Charges against three Tottenham Hotspurs fans who allegedly chanted the word "Yid" have been dropped by prosecutors.
The trio was accused of a public order offence for using the word during matches in October and November last year.
Gary Whybrow, 31, Sam Parsons, 24, and Peter Ditchman, 52, all appeared before magistrates after allegedly using the language at the Premier League club's White Hart Lane ground.
Whybrow, from west London, and Parsons, from Amersham, Buckinghamshire, were charged following Tottenham's Europa League match against Moldovan side FC Sheriff on November 7, while Ditchman, from Bishop's Stortford, allegedly used the language as his side took on West Ham on October 6.
But the Crown Prosecution Service has closed the case after deciding there was insufficient evidence to prove the men had used the word in "threatening, abusive or insulting" manner.
The case reignited debate over the use of the word "Yid" and its connotations.
Spurs, which has a large Jewish following, has for years been targeted with anti-Semitic taunts from opposing fans. Spurs fans claim their use of the words "Yid", "Yids", "Yid Army" and "Yiddos" are chanted out of defiance.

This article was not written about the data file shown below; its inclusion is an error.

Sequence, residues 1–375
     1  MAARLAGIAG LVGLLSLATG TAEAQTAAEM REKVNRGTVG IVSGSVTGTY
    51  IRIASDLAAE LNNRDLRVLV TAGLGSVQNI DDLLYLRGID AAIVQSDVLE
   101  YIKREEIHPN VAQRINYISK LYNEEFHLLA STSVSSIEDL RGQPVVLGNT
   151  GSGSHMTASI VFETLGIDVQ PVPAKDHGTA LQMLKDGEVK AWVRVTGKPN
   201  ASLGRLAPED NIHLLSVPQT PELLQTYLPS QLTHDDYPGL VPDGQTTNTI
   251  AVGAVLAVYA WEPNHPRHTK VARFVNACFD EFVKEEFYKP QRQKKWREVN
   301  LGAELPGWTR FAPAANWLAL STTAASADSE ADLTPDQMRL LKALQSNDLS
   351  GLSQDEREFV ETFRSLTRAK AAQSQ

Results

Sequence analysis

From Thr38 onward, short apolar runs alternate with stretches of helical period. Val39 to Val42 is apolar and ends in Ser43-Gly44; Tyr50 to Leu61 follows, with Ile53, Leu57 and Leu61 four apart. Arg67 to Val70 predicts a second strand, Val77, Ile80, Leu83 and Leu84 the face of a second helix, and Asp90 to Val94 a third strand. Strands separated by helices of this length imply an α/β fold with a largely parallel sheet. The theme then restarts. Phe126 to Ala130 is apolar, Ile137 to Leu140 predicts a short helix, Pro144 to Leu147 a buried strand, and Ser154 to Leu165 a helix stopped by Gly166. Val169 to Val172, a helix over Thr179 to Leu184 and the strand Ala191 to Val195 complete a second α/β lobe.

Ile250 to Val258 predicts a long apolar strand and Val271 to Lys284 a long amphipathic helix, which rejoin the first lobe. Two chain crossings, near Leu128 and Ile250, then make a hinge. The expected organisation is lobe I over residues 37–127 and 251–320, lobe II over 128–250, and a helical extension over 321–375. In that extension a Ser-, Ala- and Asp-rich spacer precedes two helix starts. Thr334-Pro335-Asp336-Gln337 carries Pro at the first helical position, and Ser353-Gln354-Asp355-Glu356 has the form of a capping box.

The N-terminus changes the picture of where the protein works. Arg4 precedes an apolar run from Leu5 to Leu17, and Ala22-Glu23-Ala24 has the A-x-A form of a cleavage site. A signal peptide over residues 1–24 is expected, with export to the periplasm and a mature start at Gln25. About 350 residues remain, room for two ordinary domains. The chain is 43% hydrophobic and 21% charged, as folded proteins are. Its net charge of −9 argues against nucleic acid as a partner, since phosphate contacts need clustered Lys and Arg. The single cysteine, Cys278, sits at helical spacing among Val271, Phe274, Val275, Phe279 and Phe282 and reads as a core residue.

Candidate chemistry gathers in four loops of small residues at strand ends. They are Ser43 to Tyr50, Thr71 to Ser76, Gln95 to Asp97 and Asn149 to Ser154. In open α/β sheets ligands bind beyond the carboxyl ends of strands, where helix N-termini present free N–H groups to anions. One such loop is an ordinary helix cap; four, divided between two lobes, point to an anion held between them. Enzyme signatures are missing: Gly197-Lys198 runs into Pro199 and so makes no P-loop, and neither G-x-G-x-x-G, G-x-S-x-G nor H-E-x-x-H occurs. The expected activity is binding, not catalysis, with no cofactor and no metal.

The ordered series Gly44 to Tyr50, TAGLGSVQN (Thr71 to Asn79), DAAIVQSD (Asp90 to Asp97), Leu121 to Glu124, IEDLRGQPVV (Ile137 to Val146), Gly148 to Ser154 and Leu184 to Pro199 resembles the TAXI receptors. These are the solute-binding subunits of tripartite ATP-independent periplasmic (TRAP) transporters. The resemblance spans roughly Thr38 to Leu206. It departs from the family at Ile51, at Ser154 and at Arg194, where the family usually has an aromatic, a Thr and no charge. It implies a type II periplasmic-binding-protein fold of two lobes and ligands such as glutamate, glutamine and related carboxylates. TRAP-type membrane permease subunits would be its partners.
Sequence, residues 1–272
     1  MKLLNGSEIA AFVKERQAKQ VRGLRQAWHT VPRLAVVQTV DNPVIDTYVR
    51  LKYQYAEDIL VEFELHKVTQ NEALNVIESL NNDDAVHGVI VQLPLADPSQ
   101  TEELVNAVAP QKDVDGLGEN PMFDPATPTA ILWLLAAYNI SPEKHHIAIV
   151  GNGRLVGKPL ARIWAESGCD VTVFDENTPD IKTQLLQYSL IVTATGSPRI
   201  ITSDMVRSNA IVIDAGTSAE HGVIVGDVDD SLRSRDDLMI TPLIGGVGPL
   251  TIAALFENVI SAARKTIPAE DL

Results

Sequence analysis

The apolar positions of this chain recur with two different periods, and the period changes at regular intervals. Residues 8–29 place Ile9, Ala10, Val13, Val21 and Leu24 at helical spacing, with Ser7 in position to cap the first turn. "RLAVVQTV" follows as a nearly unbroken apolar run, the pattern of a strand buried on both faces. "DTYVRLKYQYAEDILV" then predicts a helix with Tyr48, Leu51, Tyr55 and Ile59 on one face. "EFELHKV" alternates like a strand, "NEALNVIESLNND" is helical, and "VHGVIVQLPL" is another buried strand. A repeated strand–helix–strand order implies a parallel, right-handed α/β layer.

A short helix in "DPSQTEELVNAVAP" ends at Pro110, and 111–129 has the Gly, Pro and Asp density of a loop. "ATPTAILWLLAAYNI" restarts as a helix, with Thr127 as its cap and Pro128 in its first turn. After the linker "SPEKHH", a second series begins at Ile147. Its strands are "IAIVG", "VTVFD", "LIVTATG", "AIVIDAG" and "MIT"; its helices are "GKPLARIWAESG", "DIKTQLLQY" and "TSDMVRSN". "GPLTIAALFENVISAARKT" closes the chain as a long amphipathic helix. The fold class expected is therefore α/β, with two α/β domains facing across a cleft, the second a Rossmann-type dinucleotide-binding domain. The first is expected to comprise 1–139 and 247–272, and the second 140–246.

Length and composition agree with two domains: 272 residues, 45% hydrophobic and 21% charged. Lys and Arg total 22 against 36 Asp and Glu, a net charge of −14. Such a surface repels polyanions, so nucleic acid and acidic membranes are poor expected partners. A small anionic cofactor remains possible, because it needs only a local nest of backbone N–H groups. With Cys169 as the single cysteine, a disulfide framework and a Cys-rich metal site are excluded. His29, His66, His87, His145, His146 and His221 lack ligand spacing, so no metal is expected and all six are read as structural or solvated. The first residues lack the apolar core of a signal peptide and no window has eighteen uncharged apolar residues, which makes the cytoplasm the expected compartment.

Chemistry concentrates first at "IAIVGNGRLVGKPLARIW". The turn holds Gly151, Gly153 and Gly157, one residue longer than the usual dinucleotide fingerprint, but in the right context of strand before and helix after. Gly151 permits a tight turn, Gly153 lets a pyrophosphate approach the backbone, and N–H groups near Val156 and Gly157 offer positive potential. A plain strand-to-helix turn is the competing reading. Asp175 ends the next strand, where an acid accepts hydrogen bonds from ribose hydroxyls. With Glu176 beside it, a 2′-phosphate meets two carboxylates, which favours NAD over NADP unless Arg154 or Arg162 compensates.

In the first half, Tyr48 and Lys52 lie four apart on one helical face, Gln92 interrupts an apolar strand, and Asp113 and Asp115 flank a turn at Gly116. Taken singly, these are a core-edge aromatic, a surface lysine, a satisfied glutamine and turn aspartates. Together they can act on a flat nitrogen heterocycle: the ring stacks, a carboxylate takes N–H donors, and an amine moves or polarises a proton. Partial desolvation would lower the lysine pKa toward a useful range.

Last year Prime Minister David Cameron said Spurs fans should not be prosecuted as he believed the use was not "motivated by hate".
What does Yid mean?
The word Yid is short for Yiddish, which literally means "Jewish".
Yiddish is the Jewish language that dates back to the 9th or 10th century and is made up of Hebrew, a type of German and other European languages.
Like many derogatory words, Yid started as an inoffensive term. But over time it began to take on a negative connotation.
The rise of "Yid" as a pejorative word emerged as parts of London became more populated by Jews. But the meaning of the word has seemingly come full-circle as Spurs fans use it as a badge of honour, an act of defiance against rival football fans who use it as a tool to offend.